That first year at Ibrox was a revelation for the American, as he seemingly finally found the home he had spent his whole career looking for. When Bocanegra officially announced his retirement, he expressed his love for the club.
There are a lot of memories from the different club teams. You are making new friends, seeing new places, and experiencing new cultures. Soccer has shown me the world, and I grew up and became the man I am because of it. One that sticks out was my time at Rangers. It was a fantastic experience at the top club in the country. To have the chance to play in front of 52,000 fans every game at Ibrox was incredible. That showed me how much I love soccer and how much supporters can be a part of a club and even be part of a culture. Those things you never forget.
Who knows if Bocanegra would have soldiered on for another year or two, or if the concussion was the deciding factor in his decision to call it quits His performances have been waning ever since his debut year with Rangers. He surprisingly struggled in Division Three, as it became clear that his future with Rangers would be limited. At the same time he began to struggle with the national team & Jurgen Klinsmann pushed Captain American out of the squad as the United States got into the heart of qualification for the 2014 World Cup.
His return to MLS ended up back in Los Angeles, but with the city’s ‘other team’ & surprisingly for less wages than he earned with Rangers as he earned less than £4,000 a week for Chivas.
In the end, Boca will be beloved by supporters all over the United States, as well as in London for his time with Fulham & hopefully will always be welcomed back at Ibrox with open arms. Brian Straus, who covers American soccer for Sports Illustrated, summed up Bocanegra’s exit from the sport in an article last month.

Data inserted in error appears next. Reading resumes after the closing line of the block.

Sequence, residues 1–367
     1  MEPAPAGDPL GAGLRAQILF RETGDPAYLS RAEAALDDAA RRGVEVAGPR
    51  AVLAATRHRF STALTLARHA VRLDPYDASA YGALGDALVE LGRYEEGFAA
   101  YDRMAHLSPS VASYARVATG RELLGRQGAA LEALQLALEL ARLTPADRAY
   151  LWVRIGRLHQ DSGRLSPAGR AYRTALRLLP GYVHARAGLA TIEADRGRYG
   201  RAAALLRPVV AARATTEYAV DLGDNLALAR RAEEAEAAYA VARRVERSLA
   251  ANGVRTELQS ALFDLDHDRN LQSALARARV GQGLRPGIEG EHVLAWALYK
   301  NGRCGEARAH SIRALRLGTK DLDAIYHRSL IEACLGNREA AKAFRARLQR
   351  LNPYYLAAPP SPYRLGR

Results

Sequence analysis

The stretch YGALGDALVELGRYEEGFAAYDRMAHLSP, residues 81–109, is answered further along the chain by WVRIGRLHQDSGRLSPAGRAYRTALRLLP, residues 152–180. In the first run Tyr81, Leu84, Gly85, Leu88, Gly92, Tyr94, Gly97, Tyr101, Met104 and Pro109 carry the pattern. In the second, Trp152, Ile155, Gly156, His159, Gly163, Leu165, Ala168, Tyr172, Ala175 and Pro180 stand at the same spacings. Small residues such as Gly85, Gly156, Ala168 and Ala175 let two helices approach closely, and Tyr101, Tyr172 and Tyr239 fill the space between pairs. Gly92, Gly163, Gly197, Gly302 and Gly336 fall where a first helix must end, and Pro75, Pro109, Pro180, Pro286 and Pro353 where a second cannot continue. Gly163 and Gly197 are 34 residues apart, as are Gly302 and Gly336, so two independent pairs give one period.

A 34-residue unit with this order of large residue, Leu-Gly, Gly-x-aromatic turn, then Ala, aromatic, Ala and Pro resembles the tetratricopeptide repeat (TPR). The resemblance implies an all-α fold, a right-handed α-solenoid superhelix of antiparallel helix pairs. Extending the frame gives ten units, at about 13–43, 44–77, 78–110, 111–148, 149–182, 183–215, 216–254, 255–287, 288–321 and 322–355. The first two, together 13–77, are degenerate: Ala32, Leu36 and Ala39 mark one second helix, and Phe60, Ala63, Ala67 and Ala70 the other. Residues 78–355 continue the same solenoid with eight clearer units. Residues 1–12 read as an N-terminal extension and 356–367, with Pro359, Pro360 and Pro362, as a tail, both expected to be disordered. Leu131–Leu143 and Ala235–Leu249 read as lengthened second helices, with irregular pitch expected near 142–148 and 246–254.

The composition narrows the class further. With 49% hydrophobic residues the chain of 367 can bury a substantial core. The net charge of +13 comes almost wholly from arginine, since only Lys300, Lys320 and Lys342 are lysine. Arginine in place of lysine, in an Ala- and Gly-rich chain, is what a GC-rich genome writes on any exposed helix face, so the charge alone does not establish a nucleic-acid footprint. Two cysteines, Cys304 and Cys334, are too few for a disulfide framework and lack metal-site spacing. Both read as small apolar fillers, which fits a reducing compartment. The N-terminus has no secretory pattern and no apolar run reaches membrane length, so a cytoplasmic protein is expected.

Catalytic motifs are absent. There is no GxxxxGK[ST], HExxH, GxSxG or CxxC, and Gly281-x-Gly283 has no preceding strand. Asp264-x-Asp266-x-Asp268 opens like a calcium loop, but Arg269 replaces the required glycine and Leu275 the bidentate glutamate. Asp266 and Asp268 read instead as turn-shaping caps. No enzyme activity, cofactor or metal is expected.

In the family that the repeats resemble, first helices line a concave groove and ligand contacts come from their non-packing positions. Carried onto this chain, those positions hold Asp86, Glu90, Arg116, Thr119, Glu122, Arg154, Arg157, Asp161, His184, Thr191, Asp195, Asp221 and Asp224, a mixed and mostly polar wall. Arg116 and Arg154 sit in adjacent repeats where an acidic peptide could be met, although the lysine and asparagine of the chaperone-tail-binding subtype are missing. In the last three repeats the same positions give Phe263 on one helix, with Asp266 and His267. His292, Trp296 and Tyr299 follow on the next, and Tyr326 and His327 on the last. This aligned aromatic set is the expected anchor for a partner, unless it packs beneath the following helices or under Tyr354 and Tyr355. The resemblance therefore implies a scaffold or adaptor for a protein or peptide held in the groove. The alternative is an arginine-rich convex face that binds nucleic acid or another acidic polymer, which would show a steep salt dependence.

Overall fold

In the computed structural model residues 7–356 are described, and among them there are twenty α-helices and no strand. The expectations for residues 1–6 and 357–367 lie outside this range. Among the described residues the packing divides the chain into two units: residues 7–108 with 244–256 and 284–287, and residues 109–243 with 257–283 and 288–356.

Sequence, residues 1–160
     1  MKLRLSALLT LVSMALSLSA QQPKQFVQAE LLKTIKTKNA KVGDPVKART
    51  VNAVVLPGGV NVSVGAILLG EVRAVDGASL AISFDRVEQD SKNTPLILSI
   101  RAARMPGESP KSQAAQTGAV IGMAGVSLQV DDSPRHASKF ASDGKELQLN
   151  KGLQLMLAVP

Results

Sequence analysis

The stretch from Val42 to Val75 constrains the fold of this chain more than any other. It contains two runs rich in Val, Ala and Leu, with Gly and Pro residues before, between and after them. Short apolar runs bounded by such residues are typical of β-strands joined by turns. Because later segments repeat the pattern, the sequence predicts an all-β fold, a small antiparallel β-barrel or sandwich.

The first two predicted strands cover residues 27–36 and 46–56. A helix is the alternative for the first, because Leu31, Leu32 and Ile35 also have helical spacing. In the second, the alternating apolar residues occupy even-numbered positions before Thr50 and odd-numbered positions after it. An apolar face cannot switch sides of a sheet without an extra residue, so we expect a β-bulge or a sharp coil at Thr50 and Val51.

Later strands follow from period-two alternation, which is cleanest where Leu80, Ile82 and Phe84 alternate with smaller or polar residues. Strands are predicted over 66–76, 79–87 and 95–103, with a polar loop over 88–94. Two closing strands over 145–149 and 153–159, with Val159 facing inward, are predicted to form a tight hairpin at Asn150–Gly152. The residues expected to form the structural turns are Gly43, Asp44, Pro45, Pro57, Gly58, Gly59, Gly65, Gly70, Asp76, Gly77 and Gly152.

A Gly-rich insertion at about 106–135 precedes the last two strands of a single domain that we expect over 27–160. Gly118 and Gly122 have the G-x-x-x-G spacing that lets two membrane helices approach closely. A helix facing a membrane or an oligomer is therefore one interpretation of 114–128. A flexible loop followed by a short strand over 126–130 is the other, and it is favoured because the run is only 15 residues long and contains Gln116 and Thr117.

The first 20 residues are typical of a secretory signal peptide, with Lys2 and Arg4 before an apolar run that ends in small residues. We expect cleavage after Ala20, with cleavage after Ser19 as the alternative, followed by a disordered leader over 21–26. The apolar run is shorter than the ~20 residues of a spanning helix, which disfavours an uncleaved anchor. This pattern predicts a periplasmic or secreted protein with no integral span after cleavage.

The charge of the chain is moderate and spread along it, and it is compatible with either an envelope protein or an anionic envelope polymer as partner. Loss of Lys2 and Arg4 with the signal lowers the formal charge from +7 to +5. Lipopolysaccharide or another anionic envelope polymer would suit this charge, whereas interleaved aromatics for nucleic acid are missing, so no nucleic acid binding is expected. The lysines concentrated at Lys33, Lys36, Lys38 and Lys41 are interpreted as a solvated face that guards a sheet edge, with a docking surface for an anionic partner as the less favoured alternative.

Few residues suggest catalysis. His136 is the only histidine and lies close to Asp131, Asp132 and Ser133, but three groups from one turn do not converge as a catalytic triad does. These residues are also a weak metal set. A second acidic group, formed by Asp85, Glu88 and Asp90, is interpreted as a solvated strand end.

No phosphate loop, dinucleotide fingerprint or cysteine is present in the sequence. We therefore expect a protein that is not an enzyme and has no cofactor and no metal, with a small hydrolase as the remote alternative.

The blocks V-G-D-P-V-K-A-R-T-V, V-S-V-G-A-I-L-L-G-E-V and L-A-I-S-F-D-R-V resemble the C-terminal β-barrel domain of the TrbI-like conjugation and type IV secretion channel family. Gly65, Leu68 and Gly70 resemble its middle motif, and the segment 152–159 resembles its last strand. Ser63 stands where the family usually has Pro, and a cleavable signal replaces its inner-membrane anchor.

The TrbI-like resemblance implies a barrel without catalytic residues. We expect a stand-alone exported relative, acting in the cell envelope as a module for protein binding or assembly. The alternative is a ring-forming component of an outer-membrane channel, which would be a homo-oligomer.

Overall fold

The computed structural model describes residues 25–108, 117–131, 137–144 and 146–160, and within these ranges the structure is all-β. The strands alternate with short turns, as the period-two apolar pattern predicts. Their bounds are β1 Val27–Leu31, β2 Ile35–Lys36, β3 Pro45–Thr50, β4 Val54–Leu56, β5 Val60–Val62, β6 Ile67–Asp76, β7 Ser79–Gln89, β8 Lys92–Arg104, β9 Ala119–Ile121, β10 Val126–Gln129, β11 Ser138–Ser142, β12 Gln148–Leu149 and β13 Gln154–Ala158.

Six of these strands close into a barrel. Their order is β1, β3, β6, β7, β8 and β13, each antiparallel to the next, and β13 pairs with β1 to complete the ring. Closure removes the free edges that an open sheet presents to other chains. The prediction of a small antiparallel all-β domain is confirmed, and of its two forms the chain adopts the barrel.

Bocanegra was relentless and devoted, powered by robust belief and a commitment to set the right example. He was courageous and clutch. It’s why he captained the U.S. for six years, even though he was far from its most skillful or dynamic player.
Bocanegra understood the game, both in the broadest sense and within the confines of a given 90 minutes. He could play in the middle or on the flank. He was technical yet tenacious. He could organize, read the play and find novel ways to contribute.
In October 2011, I had the chance to speak to Bocanegra for a few minutes. He had just joined Rangers FC, one of the two Glasgow teams that dominated Scottish soccer.
“There’s a different pressure, which is new. I hadn’t had that before in my career. We’re expected to win championships,” he said of life atop the Scottish Premier League.”
“I’m really excited because I’ve never had a chance in my career to be able to win something in Europe. I got to a cup final in France [in ‘09] and we lost, and that was frustrating. Now [Rangers] have a chance to win the league. If we win the league, we qualify directly for the Champions League next year, which I’ve never played in. Obviously, it’s a competition you dream about. I watch it every Tuesday and Wednesday night. The Heineken signs come out. The music comes on. That would be awesome. For me, that’s a dream.”
Obviously that Champions League dream never came to fruition & instead he was leading out a patchwork side against Brechin City, in a game that really was the beginning of the end of his time with Rangers.
Given his natural leadership & football IQ, Rangers would be smart to find a way to bring Captain American back in some capacity. He’d be a natural working as a coach – whether it be with Rangers or somewhere else, it’s doubtful that we have seen the last of the captain.
Thanks for a great career, Boca.